Plastics in the environment: release of additives and bacteria
It is currently estimated that 10% of all of the plastics produced since their invention have ended up in the ocean. Plastics can float on the surface, be found at a range of depths or even settle on the ocean floor. At present, the plastics most commonly found in the environment are polyethylene (a component of now-banned single-use bags, for example), polypropylene (a component of plastic food boxes) and polystyrene (often used as protective packaging).
Plastics are made not only of polymers, but also of a mixture of various additives that give the plastic its properties: flexibility, rigidity, fire resistance, etc. These additives are potential chemical contaminants. Moreover, the bacteria that adhere to the surface of plastics can be biological contaminants.
ANSES’s work on microplastics
Given their extensive presence in rivers, seas and oceans and their impact on aquatic fauna and flora, fishery products and drinking water, microplastics are research topics of the utmost importance.
ANSES therefore undertakes research to assess the quantity and nature of plastic particles found in certain foods as well as the level of exposure and the risk to human health. The Agency also works with scientists from other countries to harmonise methods, i.e. agree on common protocols for comparing the findings obtained in various countries.
In addition, it analyses the additives contained in plastics to estimate consumer exposure levels.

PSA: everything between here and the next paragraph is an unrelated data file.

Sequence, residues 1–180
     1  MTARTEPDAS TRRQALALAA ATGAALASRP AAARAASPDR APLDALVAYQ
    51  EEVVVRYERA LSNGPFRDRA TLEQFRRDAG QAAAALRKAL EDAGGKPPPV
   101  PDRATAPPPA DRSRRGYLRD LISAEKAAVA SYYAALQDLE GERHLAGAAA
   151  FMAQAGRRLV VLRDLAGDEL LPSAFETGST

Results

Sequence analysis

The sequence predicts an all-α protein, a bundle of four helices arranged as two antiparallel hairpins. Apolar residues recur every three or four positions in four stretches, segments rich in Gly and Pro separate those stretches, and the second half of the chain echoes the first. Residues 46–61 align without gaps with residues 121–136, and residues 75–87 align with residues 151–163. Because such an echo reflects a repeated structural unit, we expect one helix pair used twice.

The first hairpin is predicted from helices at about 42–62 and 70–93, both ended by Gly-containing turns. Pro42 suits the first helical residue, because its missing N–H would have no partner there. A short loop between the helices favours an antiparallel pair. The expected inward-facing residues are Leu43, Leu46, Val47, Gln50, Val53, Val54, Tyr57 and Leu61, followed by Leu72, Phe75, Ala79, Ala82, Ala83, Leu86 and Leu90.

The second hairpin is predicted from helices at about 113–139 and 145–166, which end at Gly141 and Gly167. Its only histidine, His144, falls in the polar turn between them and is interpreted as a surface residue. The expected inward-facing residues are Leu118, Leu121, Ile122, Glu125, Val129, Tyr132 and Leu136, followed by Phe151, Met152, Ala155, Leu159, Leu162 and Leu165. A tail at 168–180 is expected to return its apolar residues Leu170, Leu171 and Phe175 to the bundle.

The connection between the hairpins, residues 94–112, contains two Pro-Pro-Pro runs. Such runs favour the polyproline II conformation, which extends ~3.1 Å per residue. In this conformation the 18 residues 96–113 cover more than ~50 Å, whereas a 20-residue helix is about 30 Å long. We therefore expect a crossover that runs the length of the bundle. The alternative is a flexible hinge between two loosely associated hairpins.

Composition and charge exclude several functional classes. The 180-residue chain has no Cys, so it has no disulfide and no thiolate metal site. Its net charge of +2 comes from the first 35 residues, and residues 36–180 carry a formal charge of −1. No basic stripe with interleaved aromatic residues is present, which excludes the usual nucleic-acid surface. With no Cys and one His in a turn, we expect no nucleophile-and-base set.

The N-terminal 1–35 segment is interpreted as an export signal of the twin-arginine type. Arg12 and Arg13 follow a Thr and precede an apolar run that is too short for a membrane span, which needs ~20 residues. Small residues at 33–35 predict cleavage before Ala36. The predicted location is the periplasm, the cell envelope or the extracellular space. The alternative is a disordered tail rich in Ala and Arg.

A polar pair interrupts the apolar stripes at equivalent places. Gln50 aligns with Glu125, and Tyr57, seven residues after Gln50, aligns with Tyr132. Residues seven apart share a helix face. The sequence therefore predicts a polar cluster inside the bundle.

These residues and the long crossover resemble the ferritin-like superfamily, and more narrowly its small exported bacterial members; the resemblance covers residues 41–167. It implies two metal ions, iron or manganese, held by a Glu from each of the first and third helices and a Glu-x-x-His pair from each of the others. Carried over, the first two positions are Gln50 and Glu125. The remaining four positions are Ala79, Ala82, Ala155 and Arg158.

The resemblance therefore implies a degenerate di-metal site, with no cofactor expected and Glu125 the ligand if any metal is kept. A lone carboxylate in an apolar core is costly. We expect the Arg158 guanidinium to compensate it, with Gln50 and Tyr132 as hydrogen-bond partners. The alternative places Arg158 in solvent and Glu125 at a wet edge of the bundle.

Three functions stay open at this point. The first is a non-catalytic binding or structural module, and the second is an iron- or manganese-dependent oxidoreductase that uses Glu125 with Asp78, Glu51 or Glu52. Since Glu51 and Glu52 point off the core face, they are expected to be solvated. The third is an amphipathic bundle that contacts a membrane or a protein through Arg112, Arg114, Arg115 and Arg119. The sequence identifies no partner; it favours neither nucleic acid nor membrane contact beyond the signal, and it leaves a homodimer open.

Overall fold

Moreover, by providing its expertise, the Agency contributes to informing public debate through its participation in hearings and working groups (AFNOR, Ministry of Ecological and Inclusive Transition) and also through the provision of more general summary reports (for the WHO in particular).
ANSES is participating in various research projects on this theme:
- Nanoplastics, an ANR research project dedicated to improving means (tools and methods) for identifying the smallest microplastics found in seafood products. ANSES is also seeking to determine whether microplastics can release certain additives specific to their composition into food.
- FISHH, a Franco-Dutch project undertaken jointly with RIVM and NIOZ, whose goal is to assess the impact of microplastics on human immune cells.
- CPER Marco: the Boulogne-sur-Mer site of the Laboratory for Food Safety is taking part in this regional project, during which several teams have undertaken collaborative work and set out to create a platform dedicated exclusively to the analysis of microplastics.
Recently, ANSES participated in the "Polymers and Oceans” Research Group", bringing together the French-speaking community working on the fate of plastics in aquatic environments with the goal of promoting the emergence of new interdisciplinary research.